Dave Rowland says despite a bumpy start — with much thanks, he says, to last fall’s federal government shutdown — SoMe Brewing has been seeing increases in sales every month, “with the summer being an exceptional jump in business because we’re in a resort town.”
The growing demand, which is expected to increase even more with a newly announced statewide distribution deal with Portland-based Vacationland Distributors, has already pushed Rowland to invest in new brewing equipment. He says he also is looking to expand the brewery’s 1,500-square-foot location. “It’s not nearly enough,” he adds.
While the Maine Brew Bus provides nearly daily brewery tours, transporting around a dozen beer enthusiasts at a time, events and festivals like Portland Beer Week aim to attract hundreds, if not thousands in some cases, to Maine.
Heading into its third year, Portland Beer Week, Nov. 1-7, was created to give breweries and the bars and restaurants an extra bump in business during what is typically a slow time of the year, says organizer Allison Stevens, who owns The Thirsty Pig bar in downtown Portland.
“It’s a good way to show off beers [from Maine and] other states,” says Stevens, who keeps a number of tap lines open for local beer at her bar. “We have to find ways to engage with consumers,” not only telling them that these breweries exist, “but that there’s a whole culture around them.”
Portland Beer Week is held across more than 20 venues, mostly in Portland. Around 30 craft breweries, including SoMe Brewing, were expected to participate, sometimes appearing at venues where their beers have never been served.
“I think bars like The Thirsty Pig need to drive people to local beers,” Stevens says. “We should be supporting the people that work in our area.”
Stevens says while it’s hard to track attendance numbers across participating venues, she knows anecdotally that Portland Beer Week has attracted hundreds of people to the area and that it has made a big difference in sales. “Typically it’s one of the slowest weeks for beer, and now it’s the best week for beer,” she says.
And that’s only one of the few major events happening this year.
In August, more than 3,000 people congregated at Thompson’s Point in Portland to try beer from 120 regional breweries, including dozens from Maine. The event, “Beer Camp,” was part of a seven-city traveling festival organized by Sierra Nevada Brewing Co., the nation’s second-largest craft brewer (behind Boston Beer Co.).
“They could’ve gone anywhere,” says Sullivan, the Maine Brewers’ Guild head. “But they decided to come to Maine because our craft beer industry continues to grow and is a bright spot on a national scale,” with the state listed as having the fifth highest number of breweries per capita in 2013 — that’s 4.7 breweries per 100,000 people 21 years or older. Two of the nation’s top 50 craft brewers are based in Maine, Shipyard Brewing Co. and Allagash Brewing Co., both of which are based in Portland, according to the Brewers Association.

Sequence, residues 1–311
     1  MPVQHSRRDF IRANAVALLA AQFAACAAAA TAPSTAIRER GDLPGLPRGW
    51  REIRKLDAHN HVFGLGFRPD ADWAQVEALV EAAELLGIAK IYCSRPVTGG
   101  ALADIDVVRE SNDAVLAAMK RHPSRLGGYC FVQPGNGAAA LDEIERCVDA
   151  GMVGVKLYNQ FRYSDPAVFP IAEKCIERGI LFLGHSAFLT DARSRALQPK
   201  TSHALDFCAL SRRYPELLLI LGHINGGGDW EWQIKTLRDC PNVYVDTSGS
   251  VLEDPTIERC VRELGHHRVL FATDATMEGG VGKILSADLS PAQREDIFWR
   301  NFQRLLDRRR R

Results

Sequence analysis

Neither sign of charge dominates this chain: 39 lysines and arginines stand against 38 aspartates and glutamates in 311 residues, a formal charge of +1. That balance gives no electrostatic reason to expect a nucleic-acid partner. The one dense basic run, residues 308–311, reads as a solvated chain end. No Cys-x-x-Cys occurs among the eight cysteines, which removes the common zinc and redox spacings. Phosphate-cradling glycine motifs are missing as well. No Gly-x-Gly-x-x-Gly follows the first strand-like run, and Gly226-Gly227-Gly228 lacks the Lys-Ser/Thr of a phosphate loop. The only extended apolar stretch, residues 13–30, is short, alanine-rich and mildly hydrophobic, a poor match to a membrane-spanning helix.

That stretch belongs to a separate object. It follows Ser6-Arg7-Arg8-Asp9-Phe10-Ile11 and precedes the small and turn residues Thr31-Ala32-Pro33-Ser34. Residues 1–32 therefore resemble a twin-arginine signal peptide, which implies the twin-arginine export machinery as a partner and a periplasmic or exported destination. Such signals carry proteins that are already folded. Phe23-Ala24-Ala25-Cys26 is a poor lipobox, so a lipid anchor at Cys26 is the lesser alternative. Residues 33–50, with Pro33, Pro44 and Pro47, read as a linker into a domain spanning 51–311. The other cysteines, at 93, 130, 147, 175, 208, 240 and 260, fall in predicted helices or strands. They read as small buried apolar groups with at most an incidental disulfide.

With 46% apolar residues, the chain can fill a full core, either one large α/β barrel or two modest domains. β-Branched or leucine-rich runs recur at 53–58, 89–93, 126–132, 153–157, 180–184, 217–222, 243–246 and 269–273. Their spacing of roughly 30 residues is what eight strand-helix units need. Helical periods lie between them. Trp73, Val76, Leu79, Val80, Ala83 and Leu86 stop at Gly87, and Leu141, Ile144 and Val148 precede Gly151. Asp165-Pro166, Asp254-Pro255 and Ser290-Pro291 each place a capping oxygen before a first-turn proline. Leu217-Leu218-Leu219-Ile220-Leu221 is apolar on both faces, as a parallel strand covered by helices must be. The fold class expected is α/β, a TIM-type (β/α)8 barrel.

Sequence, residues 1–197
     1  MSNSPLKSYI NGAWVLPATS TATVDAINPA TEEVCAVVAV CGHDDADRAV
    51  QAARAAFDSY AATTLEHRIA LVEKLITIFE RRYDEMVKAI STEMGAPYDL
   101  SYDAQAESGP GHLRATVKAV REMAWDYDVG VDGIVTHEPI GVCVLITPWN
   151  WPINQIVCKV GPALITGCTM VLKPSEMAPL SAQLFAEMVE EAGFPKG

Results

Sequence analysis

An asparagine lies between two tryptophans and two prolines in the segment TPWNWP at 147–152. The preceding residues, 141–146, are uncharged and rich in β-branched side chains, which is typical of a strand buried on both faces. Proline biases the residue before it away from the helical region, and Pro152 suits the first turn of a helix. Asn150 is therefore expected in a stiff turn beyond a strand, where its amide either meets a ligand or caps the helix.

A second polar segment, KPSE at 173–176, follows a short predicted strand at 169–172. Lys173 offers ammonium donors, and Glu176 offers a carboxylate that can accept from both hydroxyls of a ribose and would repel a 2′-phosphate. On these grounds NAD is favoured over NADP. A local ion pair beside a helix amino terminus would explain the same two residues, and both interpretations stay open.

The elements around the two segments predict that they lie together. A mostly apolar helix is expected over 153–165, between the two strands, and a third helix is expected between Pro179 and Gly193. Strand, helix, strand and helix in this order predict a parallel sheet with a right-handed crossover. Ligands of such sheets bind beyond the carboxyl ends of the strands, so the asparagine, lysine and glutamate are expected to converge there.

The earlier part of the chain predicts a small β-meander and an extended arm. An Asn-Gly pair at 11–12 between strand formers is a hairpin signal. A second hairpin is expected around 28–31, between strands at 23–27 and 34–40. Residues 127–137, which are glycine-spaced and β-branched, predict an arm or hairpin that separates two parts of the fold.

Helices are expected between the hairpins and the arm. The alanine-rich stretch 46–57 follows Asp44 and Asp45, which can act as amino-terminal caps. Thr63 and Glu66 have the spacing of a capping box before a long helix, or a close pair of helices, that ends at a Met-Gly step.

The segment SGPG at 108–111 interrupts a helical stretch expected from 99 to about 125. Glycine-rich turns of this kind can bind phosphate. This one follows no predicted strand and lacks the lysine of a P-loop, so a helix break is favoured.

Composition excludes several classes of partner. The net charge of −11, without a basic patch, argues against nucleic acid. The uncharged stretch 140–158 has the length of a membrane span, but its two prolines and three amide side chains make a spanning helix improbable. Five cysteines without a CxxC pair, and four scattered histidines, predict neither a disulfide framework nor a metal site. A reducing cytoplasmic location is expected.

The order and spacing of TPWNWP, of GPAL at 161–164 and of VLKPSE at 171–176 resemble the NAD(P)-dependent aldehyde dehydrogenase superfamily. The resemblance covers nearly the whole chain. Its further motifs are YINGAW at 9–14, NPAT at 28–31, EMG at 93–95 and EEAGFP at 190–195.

For many, Maine’s fast-growing craft beer industry is a reason for celebration. But it’s also causing some to ask: Is the beer bubble going to burst?
Sullivan says he is not worried that the market is becoming too crowded, noting how Maine’s beer industry is very collaborative and community-minded. While craft beer still has a relatively small share of the U.S. beer market, it is growing while the overall beer market is not.
SoMe Brewing’s Rowland agrees about the industry’s community spirit, saying he and other breweries recommend each other to patrons. But, he says, market saturation could eventually become a reality if more breweries continue to pop up. That’s why breweries need to support themselves not just with a quality product, he adds, but with a good business plan.
“I’d be lying if I said we weren’t consciously trying to dig our heels in a little bit here and really start to be more aggressive about carving out a good share of the market right now,” Rowland says. “So when it all comes crashing down, we can weather it.”
To help foster the industry’s growth — and perhaps to fight against a bubble-bursting scenario — Sullivan says the Maine Brewers’ Guild is launching a new event series called “Beer School.” The series was scheduled to kick off on Nov. 2 and aims to attract beer enthusiasts throughout the next year with interactive events that allow them to meet local brewers, taste their brews and learn about various aspects of the trade.
Sullivan says it’s one of the ways the Maine Brewers’ Guild is trying to get breweries to think more critically about their niche within an increasingly crowded marketplace.
“People are increasingly seeking authentic experiences and want an authentic connection to a company they support,” Sullivan says. “They’re coming to Maine because they want that authentic experience. They want to eat the lobsters pulled out of Maine’s coast and, increasingly, to drink the beer that is made within this state.”
Correction: A previous version of this story stated the incorrect name for a tour by the Maine Brew Bus.